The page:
Stay vigilant: Safety is everyone's responsibility

Base Info

Stay vigilant: Safety is everyone's responsibility

by: Michael B. Rippey II | .
Okinawa Marine | .
published: July 18, 2013

The best way to protect our neighborhoods, work centers and loved ones from crime is to rely on the people we work and live with every day.

The Marine Corps Base Camp Smedley D. Butler Provost Marshal’s Office would like to remind everyone to stay alert and follow security and situational  awareness procedures. Staying vigilant isn’t just the job of the patrolmen or gate guards of PMO, but all personnel associated with the military on Okinawa.

Although living on a subtropical island provides a sense of safety and luxury, crimes still occur. In an effort to deter and protect against lawbreaking, service members, DOD civilians and their families should report any and all suspicious activities they encounter on or off base.

To avoid complacency, keep watch of day-today activities around you while enjoying life on Okinawa. This helps prevent crime from occurring and deters those looking to do harm to the base or community. Reporting anything suspicious or something you know is a violation of a law could be the tip needed to help PMO, the Criminal Investigation Division or Naval Criminal Investigative Service prevent or stop wrongdoing.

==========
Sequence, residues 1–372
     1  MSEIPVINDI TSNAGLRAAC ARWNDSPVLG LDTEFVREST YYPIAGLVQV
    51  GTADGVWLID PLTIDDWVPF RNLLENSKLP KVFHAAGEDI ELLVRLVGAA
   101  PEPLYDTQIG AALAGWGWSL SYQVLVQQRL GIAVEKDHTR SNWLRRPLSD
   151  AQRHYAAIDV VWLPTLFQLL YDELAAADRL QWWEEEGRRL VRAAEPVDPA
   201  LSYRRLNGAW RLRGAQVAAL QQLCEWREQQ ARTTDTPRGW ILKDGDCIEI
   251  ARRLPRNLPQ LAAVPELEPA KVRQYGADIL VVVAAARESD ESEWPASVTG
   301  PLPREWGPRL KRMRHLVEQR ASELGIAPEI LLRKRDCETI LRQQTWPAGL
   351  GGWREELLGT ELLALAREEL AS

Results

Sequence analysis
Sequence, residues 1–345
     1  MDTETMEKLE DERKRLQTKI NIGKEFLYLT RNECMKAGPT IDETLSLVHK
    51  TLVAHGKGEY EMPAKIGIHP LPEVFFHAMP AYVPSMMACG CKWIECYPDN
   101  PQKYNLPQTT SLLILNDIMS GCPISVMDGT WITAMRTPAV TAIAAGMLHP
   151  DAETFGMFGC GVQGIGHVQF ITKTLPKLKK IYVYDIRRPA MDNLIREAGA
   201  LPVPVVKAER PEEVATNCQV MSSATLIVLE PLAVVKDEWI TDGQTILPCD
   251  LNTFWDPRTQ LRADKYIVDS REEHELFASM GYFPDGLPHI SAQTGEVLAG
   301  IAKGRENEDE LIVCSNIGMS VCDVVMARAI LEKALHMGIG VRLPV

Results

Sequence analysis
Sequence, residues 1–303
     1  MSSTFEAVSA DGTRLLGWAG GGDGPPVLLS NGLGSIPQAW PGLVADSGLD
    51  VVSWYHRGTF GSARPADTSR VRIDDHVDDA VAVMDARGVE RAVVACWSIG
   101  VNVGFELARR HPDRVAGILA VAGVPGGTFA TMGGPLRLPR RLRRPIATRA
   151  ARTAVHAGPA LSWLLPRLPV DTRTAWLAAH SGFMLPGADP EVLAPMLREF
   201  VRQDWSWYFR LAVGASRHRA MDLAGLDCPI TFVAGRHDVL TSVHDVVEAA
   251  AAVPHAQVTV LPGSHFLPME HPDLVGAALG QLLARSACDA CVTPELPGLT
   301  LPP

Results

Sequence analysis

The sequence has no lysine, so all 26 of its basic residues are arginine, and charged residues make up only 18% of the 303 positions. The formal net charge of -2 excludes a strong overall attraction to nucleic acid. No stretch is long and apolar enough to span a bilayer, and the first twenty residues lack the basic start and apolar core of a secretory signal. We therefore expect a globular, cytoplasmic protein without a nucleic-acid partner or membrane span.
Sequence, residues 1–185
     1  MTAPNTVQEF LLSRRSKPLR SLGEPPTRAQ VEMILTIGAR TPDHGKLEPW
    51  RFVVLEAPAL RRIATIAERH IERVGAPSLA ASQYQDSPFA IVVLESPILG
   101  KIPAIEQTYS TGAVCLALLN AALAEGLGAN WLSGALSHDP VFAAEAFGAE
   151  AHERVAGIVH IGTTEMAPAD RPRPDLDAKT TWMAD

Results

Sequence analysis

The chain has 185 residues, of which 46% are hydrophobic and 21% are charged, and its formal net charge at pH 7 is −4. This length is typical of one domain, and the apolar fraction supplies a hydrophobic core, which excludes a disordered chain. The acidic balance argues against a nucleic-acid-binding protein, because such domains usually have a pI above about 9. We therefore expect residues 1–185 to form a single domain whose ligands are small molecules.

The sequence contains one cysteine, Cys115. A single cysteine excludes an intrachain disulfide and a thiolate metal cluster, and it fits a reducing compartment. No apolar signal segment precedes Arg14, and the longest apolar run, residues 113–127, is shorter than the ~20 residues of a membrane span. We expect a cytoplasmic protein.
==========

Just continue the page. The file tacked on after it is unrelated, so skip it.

A few general categories of suspicious behavior or activities to report include:

  • Someone recording or monitoring activities. This may include the use of still or video cameras, taking notes, drawing diagrams, annotating maps, or using binoculars or other visionenhancing devices.
  • Individuals or groups loitering near buildings or structures and unfamiliar people near apartment or housing complexes.
  • Signs of illicit drug use and distribution or theft of personal property.

The military community not only needs to keep an eye out for suspicious people in public, but also crimes that could go unnoticed. These crimes can include fraud and other financial misconduct, as well as purchasing defective and counterfeit items. Online scams against service members using blackmail are also increasing, so keep all online interactions with others appropriate and limited to people you know and trust. If you find yourself in one of these
schemes, notify NCIS immediately.

We are all ambassadors for the United States Marine Corps. In all that you do, remain vigilant and honorable.

To report suspicious activities to NCIS, call 645-0213 or the law enforcement desk at 645-7441.

Rippey is a physical security and crime prevention specialist with PMO, MCB Camp Butler, Marine Corps Installations Pacific.